Sitting on the train is a good time to write letters.  Although modern technology allows us to stay connected and communicating almost wherever you are these days, including on the train,  it is a good time take a few minutes out to pen a few notes, thoughts or missives, depending on how you want to describe it. If the train isn’t too crowded that is.


There are two types of people you meet on a train: the friendly chatty type and those who are not in the least interested in talking to you.  Coming out of London you meet the tired commuters who do the trip day in day out and who look completely miserable.  I guess they must typically fit in to the “don’t want to talk” types.  Usually they have to drive when they get to Peterborough or some similar nonentity of a long distance commuting town so they can’t even have a beer to relax. Because they do the same trip every day it would be a recipe for disaster in any case if they got into the habit of a drink on the way home, speaking from the perspective of an individual who wants to look after himself that is J.


You also meet the “speak loudly into the mobile phone” types.  Usually the conversation centres around the fact that “they” are on the train and that “we might get cut off at any time”.  “I said we might get cut off at any time. Oh, we’ve been cut off”.  I mustn’t mock because we’ve all done it.


Monday 8th November

It’s funny how your attitude changes quite quickly to catching the train out of London.  When London represents an occasional visit then the time of the train back isn’t really so important.  Now that I’m doing it once a week, sometimes twice, then catching the right train whilst not actually a matter of life or death climbs the scale of necessities such that running for it to make sure of being on board when the doors slide shut becomes part of a regular fitness regime.  I never thought I’d join the ranks of those rushing up the escalator in Kings Cross.  The fact is that if I miss the 18.50 I have to wait until 19.30.  Not a long time in the great scheme of things but all the same an extra 40 minutes before I get home.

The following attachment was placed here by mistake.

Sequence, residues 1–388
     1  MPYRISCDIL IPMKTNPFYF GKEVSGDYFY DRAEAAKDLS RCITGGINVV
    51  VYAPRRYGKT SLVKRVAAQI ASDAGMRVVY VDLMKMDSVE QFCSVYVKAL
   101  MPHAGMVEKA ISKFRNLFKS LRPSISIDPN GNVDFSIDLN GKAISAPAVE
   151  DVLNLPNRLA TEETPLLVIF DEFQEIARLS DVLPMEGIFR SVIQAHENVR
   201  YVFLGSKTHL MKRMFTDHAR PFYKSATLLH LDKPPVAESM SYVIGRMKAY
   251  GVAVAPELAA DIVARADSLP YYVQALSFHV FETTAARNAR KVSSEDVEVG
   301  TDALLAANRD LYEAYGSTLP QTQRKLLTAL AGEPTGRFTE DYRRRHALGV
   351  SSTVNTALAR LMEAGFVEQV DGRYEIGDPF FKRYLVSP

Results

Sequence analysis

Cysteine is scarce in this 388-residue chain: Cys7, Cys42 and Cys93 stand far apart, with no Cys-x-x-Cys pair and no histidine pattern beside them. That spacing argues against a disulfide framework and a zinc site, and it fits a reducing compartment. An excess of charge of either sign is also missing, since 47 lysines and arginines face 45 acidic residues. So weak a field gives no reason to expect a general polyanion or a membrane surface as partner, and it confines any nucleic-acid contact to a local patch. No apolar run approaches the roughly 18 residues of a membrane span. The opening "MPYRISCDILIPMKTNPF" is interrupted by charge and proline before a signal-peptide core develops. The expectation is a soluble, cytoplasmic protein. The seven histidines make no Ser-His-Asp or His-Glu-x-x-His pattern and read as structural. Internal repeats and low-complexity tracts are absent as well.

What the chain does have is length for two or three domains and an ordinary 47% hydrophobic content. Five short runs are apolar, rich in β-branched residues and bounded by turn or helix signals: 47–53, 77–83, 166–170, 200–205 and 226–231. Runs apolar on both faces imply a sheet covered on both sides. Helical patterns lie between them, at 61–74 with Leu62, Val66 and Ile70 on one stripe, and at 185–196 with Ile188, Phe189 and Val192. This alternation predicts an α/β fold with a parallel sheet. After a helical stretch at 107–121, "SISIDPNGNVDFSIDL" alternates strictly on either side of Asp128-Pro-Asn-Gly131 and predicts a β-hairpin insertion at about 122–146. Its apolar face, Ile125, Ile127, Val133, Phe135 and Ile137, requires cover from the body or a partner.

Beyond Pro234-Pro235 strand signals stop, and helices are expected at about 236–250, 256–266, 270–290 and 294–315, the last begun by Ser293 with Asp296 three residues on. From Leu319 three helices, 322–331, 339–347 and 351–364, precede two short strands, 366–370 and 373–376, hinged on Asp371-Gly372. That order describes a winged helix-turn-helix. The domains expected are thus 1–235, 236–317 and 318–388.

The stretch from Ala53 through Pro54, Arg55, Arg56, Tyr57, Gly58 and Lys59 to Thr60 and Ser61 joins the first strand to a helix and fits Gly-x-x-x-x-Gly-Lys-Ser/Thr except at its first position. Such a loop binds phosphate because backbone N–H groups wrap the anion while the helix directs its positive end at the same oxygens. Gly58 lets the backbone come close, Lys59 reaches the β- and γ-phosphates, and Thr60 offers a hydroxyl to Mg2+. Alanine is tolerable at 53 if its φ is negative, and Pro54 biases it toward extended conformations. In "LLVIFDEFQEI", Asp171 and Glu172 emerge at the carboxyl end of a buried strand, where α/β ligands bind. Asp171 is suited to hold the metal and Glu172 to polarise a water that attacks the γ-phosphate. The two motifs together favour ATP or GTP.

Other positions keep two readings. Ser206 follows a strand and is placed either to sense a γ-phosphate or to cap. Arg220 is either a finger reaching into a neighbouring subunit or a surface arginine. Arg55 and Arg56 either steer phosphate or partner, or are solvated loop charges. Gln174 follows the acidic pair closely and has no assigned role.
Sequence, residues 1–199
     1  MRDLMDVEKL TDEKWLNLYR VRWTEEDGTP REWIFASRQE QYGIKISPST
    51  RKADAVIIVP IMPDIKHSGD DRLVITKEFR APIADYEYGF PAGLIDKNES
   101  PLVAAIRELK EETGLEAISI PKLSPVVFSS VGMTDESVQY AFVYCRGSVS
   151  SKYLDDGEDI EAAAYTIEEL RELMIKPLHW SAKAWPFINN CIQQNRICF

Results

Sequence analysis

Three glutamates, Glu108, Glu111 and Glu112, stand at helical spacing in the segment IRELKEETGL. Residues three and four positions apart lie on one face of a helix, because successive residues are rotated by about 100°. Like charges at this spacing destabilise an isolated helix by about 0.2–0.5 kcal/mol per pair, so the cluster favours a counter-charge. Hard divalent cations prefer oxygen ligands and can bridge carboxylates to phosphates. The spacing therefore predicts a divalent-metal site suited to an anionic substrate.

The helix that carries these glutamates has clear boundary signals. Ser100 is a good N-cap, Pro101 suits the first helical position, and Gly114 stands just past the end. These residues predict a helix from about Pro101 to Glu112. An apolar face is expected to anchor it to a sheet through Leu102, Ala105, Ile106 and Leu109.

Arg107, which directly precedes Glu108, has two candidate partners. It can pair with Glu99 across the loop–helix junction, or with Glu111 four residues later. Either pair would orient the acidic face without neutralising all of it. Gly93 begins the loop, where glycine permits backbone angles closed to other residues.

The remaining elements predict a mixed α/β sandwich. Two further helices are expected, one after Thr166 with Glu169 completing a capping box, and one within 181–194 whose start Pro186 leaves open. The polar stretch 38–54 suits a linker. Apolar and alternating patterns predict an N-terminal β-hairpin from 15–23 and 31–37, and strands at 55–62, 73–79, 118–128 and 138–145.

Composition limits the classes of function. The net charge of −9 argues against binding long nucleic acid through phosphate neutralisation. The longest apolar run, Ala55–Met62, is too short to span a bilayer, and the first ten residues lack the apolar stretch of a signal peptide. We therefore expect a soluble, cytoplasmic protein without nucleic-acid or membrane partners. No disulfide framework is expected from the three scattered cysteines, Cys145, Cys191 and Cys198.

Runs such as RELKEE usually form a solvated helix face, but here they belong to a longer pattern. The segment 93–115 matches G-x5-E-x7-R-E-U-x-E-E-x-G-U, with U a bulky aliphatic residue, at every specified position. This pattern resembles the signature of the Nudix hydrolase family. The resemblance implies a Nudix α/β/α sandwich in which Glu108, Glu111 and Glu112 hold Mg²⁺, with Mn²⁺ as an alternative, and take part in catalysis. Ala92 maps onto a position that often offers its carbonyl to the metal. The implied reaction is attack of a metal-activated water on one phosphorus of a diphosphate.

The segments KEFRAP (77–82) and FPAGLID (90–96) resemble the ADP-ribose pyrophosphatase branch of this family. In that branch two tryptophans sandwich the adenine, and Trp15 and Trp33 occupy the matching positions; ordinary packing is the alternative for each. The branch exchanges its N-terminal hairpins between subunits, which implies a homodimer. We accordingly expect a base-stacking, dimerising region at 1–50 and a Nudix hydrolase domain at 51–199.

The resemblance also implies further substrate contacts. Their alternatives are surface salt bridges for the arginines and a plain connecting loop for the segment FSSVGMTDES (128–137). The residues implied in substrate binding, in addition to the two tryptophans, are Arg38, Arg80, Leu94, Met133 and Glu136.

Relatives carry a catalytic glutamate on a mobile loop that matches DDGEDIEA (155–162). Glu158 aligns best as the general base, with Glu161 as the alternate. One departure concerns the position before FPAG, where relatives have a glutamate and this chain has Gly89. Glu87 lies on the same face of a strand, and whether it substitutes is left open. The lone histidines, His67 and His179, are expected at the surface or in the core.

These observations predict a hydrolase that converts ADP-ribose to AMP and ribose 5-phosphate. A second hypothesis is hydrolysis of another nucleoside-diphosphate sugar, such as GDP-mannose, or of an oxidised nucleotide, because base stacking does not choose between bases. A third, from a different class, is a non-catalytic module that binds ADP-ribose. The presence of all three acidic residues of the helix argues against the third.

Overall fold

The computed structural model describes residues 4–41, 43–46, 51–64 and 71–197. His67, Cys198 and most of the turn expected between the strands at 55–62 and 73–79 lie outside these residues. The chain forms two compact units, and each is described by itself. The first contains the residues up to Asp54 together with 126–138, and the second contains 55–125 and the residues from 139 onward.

One of the problems facing Londoners is the unreliability of the tube.  In theory it only takes fifteen minutes door to door from leaving the office in Camden to stepping on the train at Kings Cross.  It is only two stops on the Northern line.  Reality is that when you get to the tube in Camden the sign tells you that there are delays, the trains are not stopping at Tufnel Park (for what it is worth)  and the electronic notice board informs waiting commuters that it is eight minutes until the next train (at rush hour) and you have only twenty two minutes until your train leaves Kings Cross.  Result: running up the stairs at Kings Cross.